Disease 5: Nonpathogenic Root Rot
Nonpathogenic Root Rot is actually caused by bacteria and excess fertilizer. This is more prominent If you are using organic Fertilizers and not composing them ahead of time.
As a result along with the good bacteria, there lies bad bacteria switching in affecting the roots and stems.
Unlike getting attacked by phytophthora, Nonpathogenic Root Rot is visible in the root and stem zone. They will get sticky and dirty black. Osho only the lower part of the steam will change color along with the root.
The first thing to avoid Nonpathogenic Root Rot is not to use any excess fertilizer even if it is organic.
While using the organic fertilizer it must be ensured that it is dry and mixed with dry soil and then incorporated with the plant soil.
If any of the plants are affected you need to get rid of those plants immediately and transfer the healthy plants to somewhere else if possible.
Also always try and get a closer look for affected plants each week. This way before it spades all over the garden you can take action.
If the plants are already infected then, the best thing to do is to get rid of those pants. This way you do not affect the other plants in your garden.
Unfortunately, there is not much of a curative measure you can take but allow these plants to have a dry environment and enough nutrients to cure themselves.
How to Take Care of Aucuba Japonica
Aucuba Japonica is an ornamental plant. It doesn’t need much attention but it can get easily infected by a fungus which can lead to the death of the plant.
Here are some caring measures that can help you to flourish Aucuba Japonica in your garden.
- The plant prefers warmer places to survive. Therefore it is best to plant them during the spring season which leads to summer and you can overwinter the plant for the winter season.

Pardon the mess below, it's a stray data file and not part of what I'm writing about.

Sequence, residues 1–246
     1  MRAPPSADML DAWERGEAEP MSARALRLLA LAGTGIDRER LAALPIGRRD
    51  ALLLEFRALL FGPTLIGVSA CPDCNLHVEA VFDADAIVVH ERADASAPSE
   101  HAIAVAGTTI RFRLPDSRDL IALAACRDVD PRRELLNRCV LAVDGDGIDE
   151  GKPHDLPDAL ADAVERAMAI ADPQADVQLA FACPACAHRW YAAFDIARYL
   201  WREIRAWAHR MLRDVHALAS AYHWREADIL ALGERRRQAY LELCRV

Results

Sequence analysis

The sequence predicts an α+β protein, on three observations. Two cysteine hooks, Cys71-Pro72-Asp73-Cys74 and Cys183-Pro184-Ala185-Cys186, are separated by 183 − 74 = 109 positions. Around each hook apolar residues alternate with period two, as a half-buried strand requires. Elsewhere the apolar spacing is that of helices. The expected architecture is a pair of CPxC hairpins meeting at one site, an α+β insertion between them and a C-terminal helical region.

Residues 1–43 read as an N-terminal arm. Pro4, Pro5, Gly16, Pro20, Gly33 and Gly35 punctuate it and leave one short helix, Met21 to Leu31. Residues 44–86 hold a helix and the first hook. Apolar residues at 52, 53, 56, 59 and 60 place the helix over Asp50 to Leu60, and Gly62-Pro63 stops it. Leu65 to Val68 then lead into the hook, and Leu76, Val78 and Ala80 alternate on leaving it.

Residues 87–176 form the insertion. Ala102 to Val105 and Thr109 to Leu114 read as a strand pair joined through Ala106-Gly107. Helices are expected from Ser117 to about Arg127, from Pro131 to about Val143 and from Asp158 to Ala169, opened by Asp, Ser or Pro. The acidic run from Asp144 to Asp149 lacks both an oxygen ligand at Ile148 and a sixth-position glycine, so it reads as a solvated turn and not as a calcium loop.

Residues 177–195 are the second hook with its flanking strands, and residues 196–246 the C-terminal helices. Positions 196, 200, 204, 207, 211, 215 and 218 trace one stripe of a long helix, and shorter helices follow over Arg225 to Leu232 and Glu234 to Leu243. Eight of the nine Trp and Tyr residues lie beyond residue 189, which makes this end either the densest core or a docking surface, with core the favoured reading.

- Try to use more organic fertilizers rather than chemical ones which will avoid chemical burns in the plants. But before introducing the fertilizer, mix them with dry soil.
- Do not go overboard with the watering system. The water needs to be applied in a way that it doesn’t get hold of the soil and still the plants get enough to survive.
- Most importantly do not plant Aucuba Japonica along with other plants. Rather make a separate bed for them so that if they get a fungal infection it doesn’t affect the other plants in the garden.
|pH of soil||6.0 to 7.0|
|Sunlight||6 to 8 hrs a day|
|Watering||.5 inch per week|
|Fertilizer||Must contain nitrogen|
|Moisture of soil||50 to 60 percent|
Can Aucuba take full sun?
Aucuba is a versatile bush that can be filled in full sun, part sun, or full shade. Aucuba Japonica, a Japanese tree, is an Asian bush esteemed for its resistance to weighty shade and huge, frequently vivid evergreen leaves. The female Aucuba produces groups of huge berries that become red in the fall.
How often do you water Aucuba?
Water a recently established aucuba profoundly once consistently, giving sufficient dampness to splash the roots. Allow the dirt to dry between each watering. When the plant becomes laid out and shows new development, watering declines every other week.
What do you feed Aucuba?
Feed compartment developed aucuba bushes once consistently from spring through summer utilizing a broadly useful, water-dissolvable manure. Keep manure throughout the fall and cold weather months.
Aucuba Japonica is not very hard to manage but it needs attention when it gets affected by diseases. Aucuba Japonica Diseases can be tricky.
So you need to take a closer look at the symptoms of the disease and then take curative measures.
Always remember that preventive measures for your garden plants are better than curative measures. Some of these diseases mentioned in the article are not even curable.
This means if not identifiable at the primary level the plants might die.